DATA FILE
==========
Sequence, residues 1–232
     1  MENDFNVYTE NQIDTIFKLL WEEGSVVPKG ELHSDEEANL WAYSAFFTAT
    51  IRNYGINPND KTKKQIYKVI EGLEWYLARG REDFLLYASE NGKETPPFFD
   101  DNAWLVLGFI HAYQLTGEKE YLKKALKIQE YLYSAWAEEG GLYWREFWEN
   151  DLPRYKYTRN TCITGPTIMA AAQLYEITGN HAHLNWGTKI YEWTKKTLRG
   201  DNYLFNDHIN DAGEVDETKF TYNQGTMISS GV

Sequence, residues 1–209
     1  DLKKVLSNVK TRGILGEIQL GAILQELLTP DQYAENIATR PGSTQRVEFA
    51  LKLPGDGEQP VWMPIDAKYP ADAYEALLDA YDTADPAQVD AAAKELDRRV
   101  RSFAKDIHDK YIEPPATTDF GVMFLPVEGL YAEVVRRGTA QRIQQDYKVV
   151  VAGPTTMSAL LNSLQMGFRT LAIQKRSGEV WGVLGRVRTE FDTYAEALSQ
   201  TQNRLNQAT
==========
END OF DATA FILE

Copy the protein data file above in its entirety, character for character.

Sequence, residues 1–232
     1  MENDFNVYTE NQIDTIFKLL WEEGSVVPKG ELHSDEEANL WAYSAFFTAT
    51  IRNYGINPND KTKKQIYKVI EGLEWYLARG REDFLLYASE NGKETPPFFD
   101  DNAWLVLGFI HAYQLTGEKE YLKKALKIQE YLYSAWAEEG GLYWREFWEN
   151  DLPRYKYTRN TCITGPTIMA AAQLYEITGN HAHLNWGTKI YEWTKKTLRG
   201  DNYLFNDHIN DAGEVDETKF TYNQGTMISS GV

Sequence, residues 1–209
     1  DLKKVLSNVK TRGILGEIQL GAILQELLTP DQYAENIATR PGSTQRVEFA
    51  LKLPGDGEQP VWMPIDAKYP ADAYEALLDA YDTADPAQVD AAAKELDRRV
   101  RSFAKDIHDK YIEPPATTDF GVMFLPVEGL YAEVVRRGTA QRIQQDYKVV
   151  VAGPTTMSAL LNSLQMGFRT LAIQKRSGEV WGVLGRVRTE FDTYAEALSQ
   201  TQNRLNQAT